Event based systems are not made for real time applications, they are made for basically idling applications.

Now, back to your question, it should not be a problem to fraw at 40FPS when your game updates at 20. Also be careful, in a timer based system, 20 FPS = 50ms, it will likely round up to 60ms (4*15 ; 15=typical kernel), therefore you'll get 16FPS. Use some precise chronometers to display frame update time on screen, and another one to display display rate. (use a counter around the Present call. Or framebuffer Swap (OpenGL term), or simply install Fraps.)

This will give you some statistics.

The people advocating that high display rates are bad probably refer to useless loss of resource, resulting in machine heating up, or the useless frame taking time to finish, the GPU is not ready to render the next frame when its ready, that is to say, likely right in the middle of the useless redraw. Which is why, no redraw = better responsiveness, leaving the GPU available right away when the next frame is ready.

Also tearing, is an argument often heard. Tearing is caused by swappings (presentations) frequencies that are non multiples of the screen frequency. the VSynch is the feature that helps that, by using hardware support, the VGA/DVI/HDMI cable transports a tick signal that says "I flipped!", the graphic cards receives it, signal it to the CPU with an interrupt (most likely), and the driver gets it and communicate it to the currently waiting OpenGL/DirectX presenting threads. This unleash a fast back-to-front copy, which executes in much less that the 60Hz timeframe, and then when the screen next flips, a full image is presented, this avoids perfectly the tearing.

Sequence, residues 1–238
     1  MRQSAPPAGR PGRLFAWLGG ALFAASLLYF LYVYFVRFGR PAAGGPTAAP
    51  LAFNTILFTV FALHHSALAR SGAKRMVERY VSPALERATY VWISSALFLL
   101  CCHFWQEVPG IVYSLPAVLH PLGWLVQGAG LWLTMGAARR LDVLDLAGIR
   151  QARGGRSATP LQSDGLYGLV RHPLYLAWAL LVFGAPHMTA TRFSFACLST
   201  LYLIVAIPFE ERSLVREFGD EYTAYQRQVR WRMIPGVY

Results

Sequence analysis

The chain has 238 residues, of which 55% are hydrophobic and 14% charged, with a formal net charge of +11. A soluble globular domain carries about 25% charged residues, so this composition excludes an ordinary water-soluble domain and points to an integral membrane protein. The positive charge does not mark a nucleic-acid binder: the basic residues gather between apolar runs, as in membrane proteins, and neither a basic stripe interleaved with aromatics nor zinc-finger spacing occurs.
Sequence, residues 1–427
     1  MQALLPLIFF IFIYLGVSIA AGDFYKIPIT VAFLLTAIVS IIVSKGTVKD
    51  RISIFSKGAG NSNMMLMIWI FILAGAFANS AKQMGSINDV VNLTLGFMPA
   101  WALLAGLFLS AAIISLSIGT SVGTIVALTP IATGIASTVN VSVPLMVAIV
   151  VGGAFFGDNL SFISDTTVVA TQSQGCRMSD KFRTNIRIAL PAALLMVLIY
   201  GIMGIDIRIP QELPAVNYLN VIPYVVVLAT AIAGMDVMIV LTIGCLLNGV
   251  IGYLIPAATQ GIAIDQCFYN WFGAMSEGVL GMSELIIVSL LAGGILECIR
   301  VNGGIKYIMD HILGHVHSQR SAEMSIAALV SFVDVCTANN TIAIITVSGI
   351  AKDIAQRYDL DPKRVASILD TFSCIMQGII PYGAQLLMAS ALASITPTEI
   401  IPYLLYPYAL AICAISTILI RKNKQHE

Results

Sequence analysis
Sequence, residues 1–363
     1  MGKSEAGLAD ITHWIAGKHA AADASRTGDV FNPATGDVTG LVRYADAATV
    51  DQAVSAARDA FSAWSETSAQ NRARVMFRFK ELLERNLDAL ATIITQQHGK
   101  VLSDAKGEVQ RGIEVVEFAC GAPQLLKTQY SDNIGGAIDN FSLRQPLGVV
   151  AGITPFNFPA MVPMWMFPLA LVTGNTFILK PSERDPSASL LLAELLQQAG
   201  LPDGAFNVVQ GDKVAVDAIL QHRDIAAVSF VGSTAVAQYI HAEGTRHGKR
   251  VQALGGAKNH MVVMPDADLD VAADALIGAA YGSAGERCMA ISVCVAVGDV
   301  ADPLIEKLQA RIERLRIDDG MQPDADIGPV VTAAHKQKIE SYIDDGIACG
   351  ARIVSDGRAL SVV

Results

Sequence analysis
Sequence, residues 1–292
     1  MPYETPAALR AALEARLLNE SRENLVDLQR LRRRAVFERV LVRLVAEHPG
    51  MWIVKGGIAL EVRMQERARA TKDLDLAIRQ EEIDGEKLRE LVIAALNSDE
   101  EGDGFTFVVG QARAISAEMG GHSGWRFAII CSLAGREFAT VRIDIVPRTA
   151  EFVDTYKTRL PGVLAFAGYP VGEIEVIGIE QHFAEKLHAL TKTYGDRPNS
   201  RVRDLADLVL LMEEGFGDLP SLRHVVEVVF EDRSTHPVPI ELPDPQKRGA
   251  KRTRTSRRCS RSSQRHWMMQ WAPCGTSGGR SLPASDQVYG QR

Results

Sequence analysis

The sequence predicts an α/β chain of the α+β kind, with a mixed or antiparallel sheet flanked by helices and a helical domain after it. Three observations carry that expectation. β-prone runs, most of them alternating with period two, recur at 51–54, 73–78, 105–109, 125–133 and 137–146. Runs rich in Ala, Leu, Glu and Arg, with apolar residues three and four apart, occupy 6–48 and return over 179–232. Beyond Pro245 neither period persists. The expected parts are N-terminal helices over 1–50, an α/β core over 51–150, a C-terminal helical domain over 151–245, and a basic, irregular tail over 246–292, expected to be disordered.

The best is to respect this presentation rate, it is a tempo given by hardware, and the whole game/engine thread is put to sleep by the graphics API itself inside of the Swap/Present call, which allows to rest the CPU, allowing it to cool down, and allows perfect frame/game synchronization if using a linear loop like mentioned above.

Provided your game can update faster than 60Hz. Otherwise, it will fallback immediately to 30Fps naturally, then 20, then 15, by plateaus. This is a natural response.